Would actor Stephen Fry (“Peter’s Friends,” “IQ”) have enjoyed the fame accompanying his defection from Simon Gray’s “Cell Mates” had he not jumped ship (literally) and hopped a ferry to Dunkirk a week into the West End run? Unlikely. As it is, the star has joined an illustrious list of fraught thespians who have abandoned plays – or performances – at one time or another, including Ian Holm, Daniel Day-Lewis and Nicol Williamson.
Some find him a hero (“a national treasure,” said the Daily Telegraph); others, a bit of a brat (“overwork in the entertainment profession isn’t the same as overwork elsewhere,” editorialized the Evening Standard).
And what of producer Duncan C. Weldon, whose job it is either to close the show or find a way for it to continue – in this case, the latter. “I know what I think, and I know what I’m going to do,” said Weldon, who wouldn’t elaborate on the specifics of lawsuits or insurance beyond commenting, “I don’t think you’re insured against people walking out.”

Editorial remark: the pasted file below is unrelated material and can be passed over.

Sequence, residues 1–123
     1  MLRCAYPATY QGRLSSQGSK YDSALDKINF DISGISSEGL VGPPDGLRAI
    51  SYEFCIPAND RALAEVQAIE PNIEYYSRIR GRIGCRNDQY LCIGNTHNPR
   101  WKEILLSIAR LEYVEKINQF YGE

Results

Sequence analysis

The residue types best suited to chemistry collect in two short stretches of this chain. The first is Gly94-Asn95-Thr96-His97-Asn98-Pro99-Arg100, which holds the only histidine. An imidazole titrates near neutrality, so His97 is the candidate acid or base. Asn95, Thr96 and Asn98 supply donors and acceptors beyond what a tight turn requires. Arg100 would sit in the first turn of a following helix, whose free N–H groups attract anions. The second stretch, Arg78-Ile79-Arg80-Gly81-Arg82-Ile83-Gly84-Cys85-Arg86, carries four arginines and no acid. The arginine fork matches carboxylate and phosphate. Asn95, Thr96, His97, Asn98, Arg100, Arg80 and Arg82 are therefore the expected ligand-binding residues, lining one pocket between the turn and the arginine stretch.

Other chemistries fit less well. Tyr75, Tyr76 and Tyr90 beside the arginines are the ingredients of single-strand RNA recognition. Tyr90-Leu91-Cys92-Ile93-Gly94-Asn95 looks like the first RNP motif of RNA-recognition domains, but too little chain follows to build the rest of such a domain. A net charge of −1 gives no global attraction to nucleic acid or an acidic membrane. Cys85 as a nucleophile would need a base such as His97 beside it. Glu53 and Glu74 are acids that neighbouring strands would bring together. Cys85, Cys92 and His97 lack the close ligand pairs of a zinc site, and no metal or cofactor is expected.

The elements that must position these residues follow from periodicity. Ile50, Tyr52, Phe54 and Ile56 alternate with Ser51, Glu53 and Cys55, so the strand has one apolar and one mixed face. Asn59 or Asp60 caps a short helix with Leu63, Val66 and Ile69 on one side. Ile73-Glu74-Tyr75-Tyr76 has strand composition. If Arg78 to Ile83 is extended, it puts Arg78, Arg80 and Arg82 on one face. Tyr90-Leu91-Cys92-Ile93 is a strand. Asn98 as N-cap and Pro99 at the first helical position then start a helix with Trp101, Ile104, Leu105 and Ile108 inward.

Simon Ward (“Young Winston”) stepped into Fry’s part March 1 after just five days of rehearsal and less than a week after closing in Peter Hall’s revival of “On Approval.” Ward’s quick response says as much about the resilience of actors in this country as Fry’s behavior says about their eccentricities.
As for “Cell Mates” itself, the 16-week run originally announced is now down to 12 and, said Weldon, “whether we’ll last that long, I don’t know.” Fry’s departure “certainly has affected the business,” said the prolific producer.